Halloween is a spooky time of year, there is no doubt. Children dress in ghastly costumes, adults adorn the house with spider webs and skeletons, and jack-o-lantern lights flicker by night. We even find graveyards popping up around the neighborhood. It’s an odd tradition when you step back to consider what we do to celebrate this holiday. It’s all in good fun, and everyone can benefit from a good-hearted scare once in a while. From a dog’s perspective though, it’s even scarier!
We all know that chocolate can be toxic to dogs, but it’s a good time to refresh on some other dangers that are often overlooked. The sugar and wrappers in and around candy can be very dangerous to dogs, but the artificial sweeteners are even more toxic. Be sure to hide the candy once it’s in the house.
While I’m guilty of dressing up my dogs like princesses and pirates from time to time… I mean, what’s not funny about transforming my dog into a rodeo pony with a $15 dog-sized saddle and a vinyl cowboy bronco rider perched on top? It’s always good for a giggle, but it’s important to remember that it’s really for our benefit and not theirs. Dogs don’t always enjoy playing dress-up as much as we’d like to think they do.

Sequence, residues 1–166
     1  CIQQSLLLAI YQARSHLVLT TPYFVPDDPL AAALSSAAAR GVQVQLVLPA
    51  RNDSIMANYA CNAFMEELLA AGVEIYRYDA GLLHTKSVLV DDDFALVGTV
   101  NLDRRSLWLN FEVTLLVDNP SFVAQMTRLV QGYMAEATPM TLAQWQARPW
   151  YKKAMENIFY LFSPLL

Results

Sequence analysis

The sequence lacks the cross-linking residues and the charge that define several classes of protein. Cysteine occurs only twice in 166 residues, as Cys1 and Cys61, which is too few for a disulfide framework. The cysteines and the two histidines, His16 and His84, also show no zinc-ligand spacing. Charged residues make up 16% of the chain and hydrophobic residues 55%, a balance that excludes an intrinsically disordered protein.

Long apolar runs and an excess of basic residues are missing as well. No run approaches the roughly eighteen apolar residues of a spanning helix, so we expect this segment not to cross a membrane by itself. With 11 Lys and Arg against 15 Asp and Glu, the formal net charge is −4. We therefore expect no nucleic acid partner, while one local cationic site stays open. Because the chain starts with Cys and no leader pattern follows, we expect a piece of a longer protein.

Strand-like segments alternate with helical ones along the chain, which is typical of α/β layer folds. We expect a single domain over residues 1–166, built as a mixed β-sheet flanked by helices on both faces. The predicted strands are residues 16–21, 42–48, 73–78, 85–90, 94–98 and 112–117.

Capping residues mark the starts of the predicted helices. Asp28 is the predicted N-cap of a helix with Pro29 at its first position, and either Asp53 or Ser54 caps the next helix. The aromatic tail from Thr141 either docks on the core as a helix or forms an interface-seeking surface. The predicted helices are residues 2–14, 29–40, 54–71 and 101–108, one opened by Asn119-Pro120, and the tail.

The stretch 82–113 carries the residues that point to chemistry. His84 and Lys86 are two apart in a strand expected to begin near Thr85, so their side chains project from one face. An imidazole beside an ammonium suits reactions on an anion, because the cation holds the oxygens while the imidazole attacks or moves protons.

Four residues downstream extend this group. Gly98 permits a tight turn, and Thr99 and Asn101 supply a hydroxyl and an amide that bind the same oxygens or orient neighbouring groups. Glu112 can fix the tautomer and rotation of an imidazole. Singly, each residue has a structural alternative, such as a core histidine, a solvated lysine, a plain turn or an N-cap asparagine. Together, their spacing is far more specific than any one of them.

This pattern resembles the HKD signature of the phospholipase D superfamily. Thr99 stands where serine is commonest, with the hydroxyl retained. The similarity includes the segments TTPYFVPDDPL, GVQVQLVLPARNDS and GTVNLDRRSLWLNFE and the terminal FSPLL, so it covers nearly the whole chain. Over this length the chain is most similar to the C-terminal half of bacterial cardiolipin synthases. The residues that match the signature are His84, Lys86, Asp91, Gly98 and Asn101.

You may have a ham on your hands that just loves the attention of costumes, but in case you’re not sure, here are a few stress signals to watch for that indicate your dog isn’t having fun:
* Tail lowered or tucked between the legs, or the body in a cowering position.
* Lip licking – dogs will often flick their tongues briefly. This is one of the most common stress signals and one we almost always miss.
* Half-moon Eye – Much like people in a frightened state, dogs can become wide-eyed when stressed or fearful. You won’t normally see the whites of your dog’s eyes when they are calm or relaxed. If you see the whites appear (resembling a half-moon sliver at the edges), your dog is trying to tell you he’s uncomfortable.
* Yawning – If Fifi is yawning, it’s almost never because she’s ready for her beauty rest. It’s almost always a sign of stress or discomfort. It’s time to take off the tutu…
As Halloween approaches, keep your dog’s best interest in mind. If she’s not a fan of strangers and guests at the door under normal circumstances, chances are good that the costumes and repetitive door ringing or yelling will only heighten the anxiety. Consider sending your dog to a friend’s house or treat her to an overnight visit at a reputable boarding facility if you’re expecting a lot of trick-or-treaters. She’ll thank you for avoiding a potentially stressful situation.
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